Eventually Stephen bought a digital SLR, graduated to Apple’s Aperture software and started to take his photography a bit more seriously. “Even so, I use the tools in Aperture very sparingly – mainly to modify contrast and to crop the original image.”

In a world where Instagram seems to taint most photos I see, it’s refreshing to encounter someone who wants only to emphasise the beauty that already exists in the world.

Stephen seeks to explores a number of themes through his photography, including  form, movement, perspective and ambiguity.

“Many of my photographs explore visual enigmas in our everyday environment,” he says. “They are intentionally ambiguous. In photography, what you see isn’t always what you get. The eye and the camera see differently. I look for a subject that interests me. I then compose the photo according to how I see it but, when I press the shutter, I know that the camera will see it differently. There’s an excitement that arises from the uncertainty about what will result.”

Untitled © Stephen MasonWhile many artists present 2D images that we must interpret as a 3D vision of reality, Stephen is aiming to do the opposite of this. “By making use of the camera’s limitations I try depict 3D reality as an abstract 2D pattern or at least to leave the image open to either a 3D or a 2D interpretation,” he says.

Frustratingly, for me at least, Stephen’s passion for ambiguity means that “with rare exceptions I deliberately leave my photos untitled so as not to influence how the viewer sees them. Some people want to know ‘what is it?’ Others want not to know. I usually have an info brochure at my exhibitions which gives information about each photo but it has a very clear “spoiler warning” on the cover!”

Stephen often finds himself surprised by the scenes, or corners of scenes, that capture his attention via the camera lens.

“Many times I’ve gone out to photograph this or that, only to find that I’ve just spent half an hour photographing something else. I just try to stay open to getting lost in whatever I find. My own favourite of all my photos is the one I call Long Division (shown below). I love it because it is so simple, so stripped down and bare, so minimal.”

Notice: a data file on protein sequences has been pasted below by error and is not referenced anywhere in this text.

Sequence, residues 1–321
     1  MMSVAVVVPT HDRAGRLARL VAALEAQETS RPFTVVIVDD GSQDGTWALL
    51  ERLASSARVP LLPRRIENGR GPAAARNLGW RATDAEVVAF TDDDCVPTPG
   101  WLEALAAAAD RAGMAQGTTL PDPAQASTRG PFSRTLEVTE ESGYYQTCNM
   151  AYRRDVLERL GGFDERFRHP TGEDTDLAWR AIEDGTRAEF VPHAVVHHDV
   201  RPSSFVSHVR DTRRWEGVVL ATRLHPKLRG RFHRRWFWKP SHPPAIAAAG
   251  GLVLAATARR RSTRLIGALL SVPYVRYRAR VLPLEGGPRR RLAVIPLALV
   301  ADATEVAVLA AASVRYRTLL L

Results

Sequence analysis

Reflections in water are another visual prompt Stephen returns to time and again. “It is the frozen moment that looks so different from what I saw ‘in time’. For mud and sand, it is the exploration of form, light and the ambiguity of scale. I have had people look at my mud/sand photos and ask if it’s a mountain range from an airliner.”

Remarkably, Stephen is entirely self-taught. “I’ve never had any formal training or even been on a photography course,” Stephen says. “I’ve always wanted to learn things in my own way. I want to explore my way of seeing and I don’t want to be influenced by an establishment’s idea of how a photo ‘should’ be composed or balanced. I discovered my way of seeing through doing it.”

Stephen has been exhibiting his photos for the past four years, and will be showing his work in his own home as part of Art on the Hill – The Windmill Hill and Victoria Park Arts Trail on Saturday and Sunday 4th/5th October 2014 from 12-6pm. Altogether around 90 artists will be exhibiting in 50 venues, with an extensive performance programme in marquees and gazebos across the area.

Find more of Stephen’s work here

Find a midweek #writingprompt inspired by Stephen’s photography here.

Are you an artist or do you know an artist who would like to be showcased on Get in touch at judydarley (at) I’m also happy to receive reviews of books, exhibitions, theatre and film. To submit or suggest a review, please send an email to judydarley (at)